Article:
Monday, February 4, 2013

100,000 Uninsured Rides and Counting: Undercover at Lyft and Sidecar

Lyft (photo shows phone salespeople recruiting drivers at Lyft headquarters) and Sidecar are venture capital startups that advertise themselves as car-pooling services that use smart-phone apps to connect people who need rides with drivers in the community “who have extra space in their cars.”

Both companies claim to do intensive evaluations of drivers, including criminal background checks and thorough inspections of the vehicles that provide transportation services through their apps. They also tell their drivers that their cars "do not need to be covered by commercial liability insurance.”

I decided to check out their hype because I’m the ideal person to do so. I’ve been an insurance underwriter, a driving instructor, a blogger, and I’ve logged over a million miles as a cab driver. My research included talking to representatives from the top ten rated insurance companies, interviewing people who have been Lyft or Sidecar drivers or customers, and applying for a driving position at the two companies. Both Lyft and Sidecar initially approved me but later changed their minds when I started asking them detailed questions about their contracts and insurance.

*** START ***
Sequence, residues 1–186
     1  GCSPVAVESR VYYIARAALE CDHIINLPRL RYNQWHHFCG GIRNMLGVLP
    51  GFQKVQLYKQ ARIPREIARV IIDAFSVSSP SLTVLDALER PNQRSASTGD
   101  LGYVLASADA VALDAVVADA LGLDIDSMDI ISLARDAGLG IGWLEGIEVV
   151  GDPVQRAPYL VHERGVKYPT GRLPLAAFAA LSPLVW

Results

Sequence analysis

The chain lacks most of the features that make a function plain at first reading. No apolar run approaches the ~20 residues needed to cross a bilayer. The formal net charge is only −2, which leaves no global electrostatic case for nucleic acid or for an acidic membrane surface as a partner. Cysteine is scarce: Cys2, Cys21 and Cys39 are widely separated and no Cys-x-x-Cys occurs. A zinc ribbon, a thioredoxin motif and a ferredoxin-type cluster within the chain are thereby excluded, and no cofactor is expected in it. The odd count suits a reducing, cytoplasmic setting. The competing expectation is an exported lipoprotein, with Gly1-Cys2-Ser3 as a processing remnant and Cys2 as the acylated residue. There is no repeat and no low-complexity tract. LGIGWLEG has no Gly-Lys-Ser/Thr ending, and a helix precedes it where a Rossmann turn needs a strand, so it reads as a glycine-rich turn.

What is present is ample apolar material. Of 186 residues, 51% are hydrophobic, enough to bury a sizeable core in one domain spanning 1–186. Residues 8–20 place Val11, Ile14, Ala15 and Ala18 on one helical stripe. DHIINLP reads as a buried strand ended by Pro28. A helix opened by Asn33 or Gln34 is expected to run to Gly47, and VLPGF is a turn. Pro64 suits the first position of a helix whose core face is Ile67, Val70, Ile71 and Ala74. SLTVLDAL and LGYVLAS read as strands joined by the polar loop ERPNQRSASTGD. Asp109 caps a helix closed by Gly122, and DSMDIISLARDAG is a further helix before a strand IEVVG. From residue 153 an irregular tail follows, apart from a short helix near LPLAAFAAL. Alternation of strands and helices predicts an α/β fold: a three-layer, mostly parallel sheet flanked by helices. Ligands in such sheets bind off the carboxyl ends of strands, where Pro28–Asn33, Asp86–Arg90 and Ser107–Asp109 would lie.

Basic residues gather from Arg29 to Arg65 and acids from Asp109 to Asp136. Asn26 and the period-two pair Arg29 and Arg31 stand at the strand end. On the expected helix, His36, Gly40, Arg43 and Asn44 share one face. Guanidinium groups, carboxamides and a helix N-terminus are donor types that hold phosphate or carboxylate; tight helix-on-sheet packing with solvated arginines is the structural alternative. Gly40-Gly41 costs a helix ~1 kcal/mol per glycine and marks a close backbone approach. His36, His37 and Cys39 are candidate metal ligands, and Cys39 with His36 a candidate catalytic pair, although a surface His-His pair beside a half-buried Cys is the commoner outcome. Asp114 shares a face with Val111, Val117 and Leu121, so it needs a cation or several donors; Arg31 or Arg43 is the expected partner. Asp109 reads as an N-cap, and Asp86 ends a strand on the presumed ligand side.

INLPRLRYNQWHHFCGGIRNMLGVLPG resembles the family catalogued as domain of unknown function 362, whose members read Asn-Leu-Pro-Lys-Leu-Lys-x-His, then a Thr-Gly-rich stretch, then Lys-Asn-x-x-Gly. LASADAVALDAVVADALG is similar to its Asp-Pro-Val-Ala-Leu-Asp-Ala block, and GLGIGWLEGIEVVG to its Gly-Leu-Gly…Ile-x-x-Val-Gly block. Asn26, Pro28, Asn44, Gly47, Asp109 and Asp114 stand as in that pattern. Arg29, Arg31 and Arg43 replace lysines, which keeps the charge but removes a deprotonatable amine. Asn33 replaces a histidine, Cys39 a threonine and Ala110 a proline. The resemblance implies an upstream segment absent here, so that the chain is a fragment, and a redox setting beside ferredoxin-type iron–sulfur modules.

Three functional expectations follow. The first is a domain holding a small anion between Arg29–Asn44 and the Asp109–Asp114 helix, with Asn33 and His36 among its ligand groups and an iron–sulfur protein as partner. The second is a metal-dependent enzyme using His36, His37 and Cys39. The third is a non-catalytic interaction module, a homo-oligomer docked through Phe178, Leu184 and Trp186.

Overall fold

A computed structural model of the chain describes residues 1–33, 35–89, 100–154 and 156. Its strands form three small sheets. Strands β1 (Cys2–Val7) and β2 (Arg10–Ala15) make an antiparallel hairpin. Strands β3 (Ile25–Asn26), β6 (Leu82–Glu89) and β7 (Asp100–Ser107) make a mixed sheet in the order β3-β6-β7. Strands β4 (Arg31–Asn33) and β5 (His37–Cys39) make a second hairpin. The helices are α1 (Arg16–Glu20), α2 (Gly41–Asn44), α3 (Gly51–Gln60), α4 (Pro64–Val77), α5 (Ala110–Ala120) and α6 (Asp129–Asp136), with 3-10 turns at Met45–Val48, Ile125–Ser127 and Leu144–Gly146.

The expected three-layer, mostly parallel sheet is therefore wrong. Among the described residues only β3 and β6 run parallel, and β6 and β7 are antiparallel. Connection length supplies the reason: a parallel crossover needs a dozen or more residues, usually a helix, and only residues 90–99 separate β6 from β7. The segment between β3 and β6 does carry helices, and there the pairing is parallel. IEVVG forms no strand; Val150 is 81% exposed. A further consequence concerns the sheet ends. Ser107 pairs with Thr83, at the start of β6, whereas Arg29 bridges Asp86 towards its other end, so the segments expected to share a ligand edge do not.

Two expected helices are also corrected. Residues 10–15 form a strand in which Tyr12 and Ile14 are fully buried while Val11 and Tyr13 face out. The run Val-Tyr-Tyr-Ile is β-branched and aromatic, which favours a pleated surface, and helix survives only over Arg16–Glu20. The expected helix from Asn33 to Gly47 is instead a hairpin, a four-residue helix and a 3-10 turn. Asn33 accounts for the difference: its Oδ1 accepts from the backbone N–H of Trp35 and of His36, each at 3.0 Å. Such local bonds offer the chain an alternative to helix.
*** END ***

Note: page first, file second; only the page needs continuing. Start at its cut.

What I learned was that almost every claim that they make is either misleading or false. Their interviewing process is a joke. They don’t ask for social security numbers and they don’t fingerprint the applicants so they can’t be conducting criminal background checks. Nor do these companies make mechanical inspections of the cars. In the case of Sidecar, they don’t even look at the vehicle. Most importantly, insurance companies consider neither Lyft"s or Sidecar's ridesharing services so their cars are required to carry commercial insurance. Since most of their cars don’t, they are uninsured vehicles.

In reality then, Lyft and Sidecar are illegal transportation for hire services that use double-talk to exploit the underemployed, and subvert laws and regulations designed to protect drivers, passengers and the public. Furthermore, when drivers and passengers accept the terms of service necessary to download their apps, they waive their rights to sue Lyft or Sidecar in perpetuity. Their passengers also agree to come to the legal defense (at their own expense) of Lyft or sidecar if the companies are sued for negligence.

If you were to be a car, what kind of car would you be and why?

I've had many careers in my life but my interviews at these companies marked the first times that I've ever applied for a job and not been asked what skills or experience qualified me to do the work.

Sidecar conducted an online video interview with me. The most profound question they asked was:

If you were to be a car, what kind of car would you be? And why?”


The other Sidecar questions were:


“Who are you and why would you make an awesome Sidecar community driver?” 

“Where are some of your favorite places to hang out and why?”